Places and Plants

The latest Lens-Artists Challenge is Pastimes and I thought I might take part. Thinking about pastimes I thought ‘places and plants’ because when we’re not doing necessary things, we love to visit places and/or look at plants. I looked through Nigel’s archives and soon had too many photos to do a nice neat post for the Challenge so here’s an informal presentation of some – I’ve deliberately mixed them up a bit!

Most taken by Nigel and if I’ve taken the shot it’s with his camera.

Click on ANY image below to enlarge

This is a big farm garden in the rural back country of Central Otago called Clachanburn developed by Jane Falconer. We loved it and even stayed in the cottage on site. This is on arrival, we’d pre-ordered a devonshire tea ๐Ÿ™‚


Cromwell district in Central Otago, interesting additions for travellers’ entertainment! New Zealand back roads are great fun to travel ๐Ÿ™‚
Best to click on this to enlarge


Nigel and I have in the past done a lot of tramping together, from day tramps to 4-5 days continuous tramping carrying our tent and food. Here we were heading out on a full-on day walk at Wyuna near Glenorchy (near Queenstown).


Nigel took this clever photo when we visited Crank Up at Edendale, Southland. It’s a big show of steam-powered machines, classic tractors and more.

Prior to the car we have now, we had this Ford Courier ute so the start to a tramp would look like this. This must be on arrival as I wouldn’t be looking so smiley if we’d been out tramping all day.


Limestone rock in Canterbury.


The start of a long day’s tramp, also in Canterbury. We were staying in a cottage on a remote high country farm. It’s exciting heading off into mountainous landscape like this! Poled route with tall orange-capped poles for better visibility in snowy weather.


Same location as above. I’m not a rockclimber but we still encounter some steep climbs when out tramping… I’m usually exhausted by the time we get back.


Another garden visit, this is at Cromwell. We enjoy seeing plants both in the wild and in gardens. Nigel is a Landscape Architect but looking at plants is a fun thing we both enjoy.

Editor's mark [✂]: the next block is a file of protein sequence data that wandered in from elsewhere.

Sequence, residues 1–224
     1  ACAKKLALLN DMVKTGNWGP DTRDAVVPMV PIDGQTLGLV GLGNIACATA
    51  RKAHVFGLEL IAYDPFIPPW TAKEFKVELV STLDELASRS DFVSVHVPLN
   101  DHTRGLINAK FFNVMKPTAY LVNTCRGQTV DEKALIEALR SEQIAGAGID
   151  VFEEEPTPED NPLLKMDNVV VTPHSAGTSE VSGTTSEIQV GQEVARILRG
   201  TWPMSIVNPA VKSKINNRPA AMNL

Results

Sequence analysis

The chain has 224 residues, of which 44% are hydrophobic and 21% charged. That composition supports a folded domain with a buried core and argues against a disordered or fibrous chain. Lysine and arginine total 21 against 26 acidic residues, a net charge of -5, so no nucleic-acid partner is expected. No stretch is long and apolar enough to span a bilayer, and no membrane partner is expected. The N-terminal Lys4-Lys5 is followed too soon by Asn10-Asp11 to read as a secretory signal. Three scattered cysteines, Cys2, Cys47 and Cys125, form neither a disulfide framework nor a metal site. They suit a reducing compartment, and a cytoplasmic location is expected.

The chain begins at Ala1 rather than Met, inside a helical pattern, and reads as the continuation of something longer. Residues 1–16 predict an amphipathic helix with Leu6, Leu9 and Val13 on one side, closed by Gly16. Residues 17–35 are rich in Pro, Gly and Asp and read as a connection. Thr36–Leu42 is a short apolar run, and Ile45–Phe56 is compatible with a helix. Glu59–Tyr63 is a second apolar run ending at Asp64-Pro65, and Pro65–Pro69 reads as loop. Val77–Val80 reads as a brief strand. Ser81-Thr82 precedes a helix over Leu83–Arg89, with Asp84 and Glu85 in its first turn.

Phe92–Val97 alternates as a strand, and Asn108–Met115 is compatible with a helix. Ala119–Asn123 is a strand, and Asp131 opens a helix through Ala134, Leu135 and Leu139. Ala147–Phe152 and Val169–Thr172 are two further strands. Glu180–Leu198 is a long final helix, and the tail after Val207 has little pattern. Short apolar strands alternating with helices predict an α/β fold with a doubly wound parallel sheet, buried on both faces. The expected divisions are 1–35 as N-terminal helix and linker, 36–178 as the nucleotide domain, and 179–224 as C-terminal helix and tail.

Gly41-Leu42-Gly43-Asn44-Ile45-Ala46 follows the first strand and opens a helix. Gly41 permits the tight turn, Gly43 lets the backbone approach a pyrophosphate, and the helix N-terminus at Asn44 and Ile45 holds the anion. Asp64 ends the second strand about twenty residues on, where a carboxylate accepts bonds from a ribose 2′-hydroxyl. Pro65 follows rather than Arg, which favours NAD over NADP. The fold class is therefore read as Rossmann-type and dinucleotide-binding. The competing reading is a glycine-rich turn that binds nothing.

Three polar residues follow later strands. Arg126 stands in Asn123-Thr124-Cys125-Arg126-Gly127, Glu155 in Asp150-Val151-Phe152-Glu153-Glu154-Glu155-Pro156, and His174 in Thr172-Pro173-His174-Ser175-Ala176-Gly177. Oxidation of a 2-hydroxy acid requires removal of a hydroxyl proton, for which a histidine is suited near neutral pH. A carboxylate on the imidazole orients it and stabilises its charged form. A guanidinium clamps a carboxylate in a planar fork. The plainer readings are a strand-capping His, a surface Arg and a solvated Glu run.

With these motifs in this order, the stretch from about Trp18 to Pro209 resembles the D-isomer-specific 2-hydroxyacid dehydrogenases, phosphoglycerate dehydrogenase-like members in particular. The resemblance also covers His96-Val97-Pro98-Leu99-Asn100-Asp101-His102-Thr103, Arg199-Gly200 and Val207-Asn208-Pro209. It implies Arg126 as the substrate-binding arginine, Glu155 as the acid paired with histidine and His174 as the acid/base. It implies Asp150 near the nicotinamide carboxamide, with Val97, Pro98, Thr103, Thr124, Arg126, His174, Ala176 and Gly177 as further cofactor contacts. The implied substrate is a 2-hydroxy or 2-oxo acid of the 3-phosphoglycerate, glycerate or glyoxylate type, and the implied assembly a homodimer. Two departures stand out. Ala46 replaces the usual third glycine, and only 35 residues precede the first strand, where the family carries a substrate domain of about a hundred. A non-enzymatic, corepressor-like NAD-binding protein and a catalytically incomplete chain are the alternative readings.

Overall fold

If visiting a particular town can be called a pastime we just love to visit Oamaru over on the east coast with its Victorian whitestone buildings, steam punk, lively arts scene and great cafes. Judging by the colour, this is licorice ice-cream! Deja Moo is an amazing ice-cream shop in the Victorian Precinct. 31 Jan 2017.

Let me know if you enjoyed this post – I’d selected more photos and could do another post in similar vein if there’s the interest. Cheers!

Text by Liz, photos mostly by Nigel else by Liz; Exploring Colour (2020)

32 thoughts on “Places and Plants

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  1. This is a fine place for tramping and camping, and I wish I’d had the chance to get into that sooner, because I used to love doing just that! [At this point, I was on the verge of quoting a verse from a song that I wrote recently, but instead I decided to do a post featuring it. It’s about time. Stay tuned.]

    Liked by 1 person

    1. It is special here in NZ, granted. The only part of California I know (just a little) is LA – we have wonderful memories of our brief stays on 3-day stopovers there, freely wandering around exploring both city and residential via walking (a lot), bus and subway. Loved it!

      Liked by 1 person